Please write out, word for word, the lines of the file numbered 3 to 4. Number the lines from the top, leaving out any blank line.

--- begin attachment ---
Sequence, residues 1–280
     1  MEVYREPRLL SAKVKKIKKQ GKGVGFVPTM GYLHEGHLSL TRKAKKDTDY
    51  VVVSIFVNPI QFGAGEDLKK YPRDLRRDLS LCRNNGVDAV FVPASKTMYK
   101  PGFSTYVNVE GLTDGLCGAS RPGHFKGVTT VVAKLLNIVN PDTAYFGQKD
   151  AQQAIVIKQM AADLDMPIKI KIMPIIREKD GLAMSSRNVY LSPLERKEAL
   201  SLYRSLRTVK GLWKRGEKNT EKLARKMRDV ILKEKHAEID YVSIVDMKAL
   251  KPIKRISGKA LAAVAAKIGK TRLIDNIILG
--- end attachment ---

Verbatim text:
    51  VVVSIFVNPI QFGAGEDLKK YPRDLRRDLS LCRNNGVDAV FVPASKTMYK
   101  PGFSTYVNVE GLTDGLCGAS RPGHFKGVTT VVAKLLNIVN PDTAYFGQKD